Author(s): Zhou SF, Yang LP, Zhou ZW, Liu YH, Chan E
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Abstract Human CYP1A2 is one of the major CYPs in human liver and metabolizes a variety of clinically important drugs (e.g., clozapine, tacrine, tizanidine, and theophylline), a number of procarcinogens (e.g. benzo[a]pyrene and aflatoxin B(1)), and several important endogenous compounds (e.g. steroids and arachidonic acids). Like many of other CYPs, CYP1A2 is subject to induction and inhibition by a number of compounds, which may provide an explanation for some drug interactions observed in clinical practice. A large interindividual variability in the expression and activity of CYP1A2 and elimination of drugs that are mainly metabolized by CYP1A2 has been observed, which is largely caused by genetic (e.g., SNPs) and epigenetic (e.g., DNA methylation) and environmental factors (e.g., smoking and comedication). CYP1A2 is primarily regulated by the aromatic hydrocarbon receptor (AhR) and CYP1A2 is induced through AhR-mediated transactivation following ligand binding and nuclear translocation. To date, more than 15 variant alleles and a series of subvariants of the CYP1A2 gene have been identified and some of they have been associated with altered drug clearance and response to drug therapy. For example, lack of response to clozapine therapy due to low plasma drug levels has been reported in smokers harboring the -163A/A genotype; there is an association between CYP1A2*1F (-163C>A) allele and the risk for leflunomide-induced host toxicity. The *1F allele is associated with increased enzyme inducibility whereas *1C causes reduced inducibility. Further studies are warranted to explore the clinical and toxicological significance of altered CYP1A2 expression and activity caused by genetic, epigenetic, and environmental factors.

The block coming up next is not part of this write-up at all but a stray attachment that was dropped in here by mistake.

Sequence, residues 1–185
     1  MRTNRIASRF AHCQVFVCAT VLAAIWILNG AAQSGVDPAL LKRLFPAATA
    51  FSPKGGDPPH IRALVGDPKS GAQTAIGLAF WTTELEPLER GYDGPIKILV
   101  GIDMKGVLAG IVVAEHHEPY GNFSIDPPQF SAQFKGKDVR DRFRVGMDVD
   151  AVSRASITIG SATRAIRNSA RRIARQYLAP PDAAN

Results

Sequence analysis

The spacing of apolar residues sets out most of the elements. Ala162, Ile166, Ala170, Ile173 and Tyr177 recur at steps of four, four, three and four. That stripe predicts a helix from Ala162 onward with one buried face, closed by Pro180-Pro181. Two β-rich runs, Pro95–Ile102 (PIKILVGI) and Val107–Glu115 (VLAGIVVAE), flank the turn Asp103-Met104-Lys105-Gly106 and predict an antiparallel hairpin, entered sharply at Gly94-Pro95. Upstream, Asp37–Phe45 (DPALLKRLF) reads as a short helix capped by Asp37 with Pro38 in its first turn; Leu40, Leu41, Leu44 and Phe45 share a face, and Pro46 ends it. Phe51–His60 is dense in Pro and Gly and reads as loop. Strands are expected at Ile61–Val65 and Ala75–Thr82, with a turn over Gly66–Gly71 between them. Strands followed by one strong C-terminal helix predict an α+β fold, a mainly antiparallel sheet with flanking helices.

This article was published in AAPS J
and referenced in Journal of Pharmacogenomics & Pharmacoproteomics